The Meaning of Samhain and Why We Celebrate
Samhain was a Gaelic harvest festival held on October 31November 1. It was linked to festivals held around the same time in other Celtic cultures, and was popularised as the "Celtic New Year" from the late 19th century, following Sir John Rhys and Sir James Frazer. The date of Samhain was associated with the Catholic All Saints' Day (and later All Souls' Day) from at least the 8th century, and both the secular Gaelic and the Catholic liturgical festival have influenced the secular customs now connected with Halloween.
The medieval Goidelic festival of Samhain marked the end of the harvest, the end of the "lighter half" of the year and beginning of the "darker half". It was celebrated over the course of several days and had some elements of a Festival of the Dead. Bonfires played a large part in the festivities. People and their livestock would often walk between two bonfires as a cleansing ritual, and the bones of slaughtered livestock were cast into its flames.
Samhain is celebrated as a religious festival by some neopagans.
Wiccans and Pagans around have celebrated Samhain, many of us make altars for Samhain to celebrate our ancestors. spirits and the dead. Samhain altars can be made out of anything. They can be placed on the floor, table stands, dressors, pretty much just about anything that can hold an altar.
The History of Samhain
Samain or Samuin was the name of the feis or festival at the beginning of winter observed in medieval Ireland. It is attested in Old Irish literature beginning in the 10th century. The festival marked the end of the season for trade and warfare and was an ideal date for tribal assemblies, where the local kings gathered their people. These gatherings in turn are a popular setting for early Irish tales.
Neo-Paganism and Samhain
Samhain is observed by various Neopagans in various ways. As forms of Neopaganism can differ widely in both their origins and practices, these representations can vary considerably despite the shared name. Some Neopagans have elaborate rituals to honor the dead, and the deities who are associated with the dead in their particular culture or tradition. Some celebrate in a manner as close as possible to how the Ancient Celts and Living Celtic cultures have maintained the traditions, while others observe the holiday with rituals culled from numerous other unrelated sources, Celtic culture being only one of the sources used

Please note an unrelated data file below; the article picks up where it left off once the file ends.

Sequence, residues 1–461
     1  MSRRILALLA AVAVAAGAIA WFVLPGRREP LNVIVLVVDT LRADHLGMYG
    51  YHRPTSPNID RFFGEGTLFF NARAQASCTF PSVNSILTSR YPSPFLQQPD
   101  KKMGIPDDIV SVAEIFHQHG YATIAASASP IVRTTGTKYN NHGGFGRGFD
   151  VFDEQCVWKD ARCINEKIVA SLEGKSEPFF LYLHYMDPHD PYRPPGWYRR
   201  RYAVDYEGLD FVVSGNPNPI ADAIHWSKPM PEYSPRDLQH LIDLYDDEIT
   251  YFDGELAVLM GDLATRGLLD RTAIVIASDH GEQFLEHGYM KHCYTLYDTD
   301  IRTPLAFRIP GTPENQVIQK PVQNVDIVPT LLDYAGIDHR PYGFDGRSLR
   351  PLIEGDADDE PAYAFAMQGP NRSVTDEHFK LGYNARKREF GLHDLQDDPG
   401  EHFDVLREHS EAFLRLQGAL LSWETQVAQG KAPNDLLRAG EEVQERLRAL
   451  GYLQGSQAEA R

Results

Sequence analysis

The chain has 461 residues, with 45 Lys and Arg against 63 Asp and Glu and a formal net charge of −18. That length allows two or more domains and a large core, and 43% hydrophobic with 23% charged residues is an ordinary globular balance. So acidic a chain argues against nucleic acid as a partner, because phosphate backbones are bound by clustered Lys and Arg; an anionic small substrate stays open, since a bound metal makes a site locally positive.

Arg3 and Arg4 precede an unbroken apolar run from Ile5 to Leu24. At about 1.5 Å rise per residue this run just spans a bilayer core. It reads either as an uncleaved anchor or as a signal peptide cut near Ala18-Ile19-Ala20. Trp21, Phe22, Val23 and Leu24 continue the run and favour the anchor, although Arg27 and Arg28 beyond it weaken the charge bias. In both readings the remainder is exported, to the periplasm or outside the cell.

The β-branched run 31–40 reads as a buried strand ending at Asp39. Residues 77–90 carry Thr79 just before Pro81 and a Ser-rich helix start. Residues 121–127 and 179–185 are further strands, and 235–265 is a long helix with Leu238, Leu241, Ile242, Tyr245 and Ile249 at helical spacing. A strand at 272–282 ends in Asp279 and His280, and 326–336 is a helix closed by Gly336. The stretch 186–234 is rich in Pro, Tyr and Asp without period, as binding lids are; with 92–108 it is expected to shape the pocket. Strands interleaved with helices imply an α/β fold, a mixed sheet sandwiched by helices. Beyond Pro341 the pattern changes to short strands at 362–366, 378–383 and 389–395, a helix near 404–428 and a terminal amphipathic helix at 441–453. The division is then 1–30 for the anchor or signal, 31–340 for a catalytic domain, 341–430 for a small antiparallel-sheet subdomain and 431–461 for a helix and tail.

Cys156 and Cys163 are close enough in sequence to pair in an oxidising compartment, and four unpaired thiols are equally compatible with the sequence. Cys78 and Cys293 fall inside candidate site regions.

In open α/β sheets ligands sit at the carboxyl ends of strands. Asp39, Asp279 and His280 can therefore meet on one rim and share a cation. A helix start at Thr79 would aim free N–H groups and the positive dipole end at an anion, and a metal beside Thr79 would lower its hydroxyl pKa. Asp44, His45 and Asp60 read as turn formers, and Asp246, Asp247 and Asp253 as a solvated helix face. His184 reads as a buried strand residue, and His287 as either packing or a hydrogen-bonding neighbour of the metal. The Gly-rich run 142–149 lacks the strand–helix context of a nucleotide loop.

Samhain is one of the eight annual festivals, often referred to as 'Sabbats', observed as part of the Wiccan Wheel of the Year. It is considered by most Wiccans to be the most important of the four 'greater Sabbats'. It is generally observed on October 31 in the Northern Hemisphere, starting at sundown. Samhain is considered by some Wiccans as a time to celebrate the lives of those who have passed on, and it often involves paying respect to ancestors, family members, elders of the faith, friends, pets and other loved ones who have died. In some rituals the spirits of the departed are invited to attend the festivities. It is seen as a festival of darkness, which is balanced at the opposite point of the wheel by the spring festival of Beltane, which Wiccans celebrate as a festival of light and fertility.